Tag Archives: social work

How to Bring Conversation to a Screeching Halt

I learned many years ago when I made a woman cry (at a party no less) that sometimes even the mere mention of what I do for a living can shut down just about any conversation.   I was at a friend’s baby shower, and we were all recent college grads.  The hostess asked me if I was working, and I told her I was a child protection social worker.  She dissolved into tears as she described a story she had just read in the paper about a baby being abused by a parent.   It was a terrible story, but she immediately associated me with that story and spent the rest of the shower tearfully telling me that she didn’t know how I could possibly do my job.

I’m never sure how to take that comment, and I get it all the time.   Sometimes it’s spoken with a bit of awe:   “I don’t know how you do your job!”    Other times, it comes across with a bit of a tone:   “I could never do your job.”    I understand that it’s usually meant as some type of compliment, but I also wonder if the unspoken question is,  “What kind of person chooses to be around such misery every day?”

There are other professions that involve varying degrees of sadness, stress, overwork, and worry, but they are usually viewed with more admiration.    Oncologists, fire fighters, police officers, NICU nurses…usually these people are admired and honored, and they are often portrayed in the media as noble, self-sacrificing warriors.

Social work is rarely portrayed in the media, but when it is, it is almost universally negative.     Usually the social worker is the cold and unfeeling.  Oftentimes the “real hero” of the story tries to protect the child in question from “the system” out of fear that the child will get lost or abused even worse if that nasty social worker gets her hands on him.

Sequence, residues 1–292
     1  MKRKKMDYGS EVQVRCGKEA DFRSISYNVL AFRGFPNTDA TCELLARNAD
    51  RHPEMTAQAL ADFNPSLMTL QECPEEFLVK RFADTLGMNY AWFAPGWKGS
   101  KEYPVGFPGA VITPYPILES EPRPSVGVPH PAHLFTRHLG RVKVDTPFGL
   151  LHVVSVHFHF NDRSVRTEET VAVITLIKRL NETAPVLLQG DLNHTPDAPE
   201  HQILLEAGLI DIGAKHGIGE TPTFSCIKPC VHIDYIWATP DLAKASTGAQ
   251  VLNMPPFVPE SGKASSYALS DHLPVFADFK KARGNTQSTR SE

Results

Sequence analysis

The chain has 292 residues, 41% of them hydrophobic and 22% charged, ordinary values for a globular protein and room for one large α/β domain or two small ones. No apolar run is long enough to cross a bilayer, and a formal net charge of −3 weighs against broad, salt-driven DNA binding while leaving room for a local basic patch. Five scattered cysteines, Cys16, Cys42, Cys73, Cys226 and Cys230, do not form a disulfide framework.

It is even more negative when there is a high profile child abuse case in the news.    These cases are often the only time that child protection gets any media attention, and the story is usually about whether the system did enough.    At worst, the stories attack and blame the local child protection agency for failing to protect the child.   And because of data privacy laws, the local agency can say nothing more than, “no comment,” which in this day and age is often taken as an admission of guilt.

These misunderstandings and unfair portrayals are one reason that I wanted to write about child protection.  We simply can’t talk about what we do, and I wanted to describe a few cases that give a semi-realistic look at our profession.  But more than that, I wanted to describe the process, the decision-making, the worry, the liability, and the feelings behind trying to do the right thing for the families we serve.    Obviously, in my story I took some liberties and made people a bit more eccentric or interesting than they might be in real life.   But overall I think unprotected gives a fair look at the current child protection system, at least as it exists in Minnesota.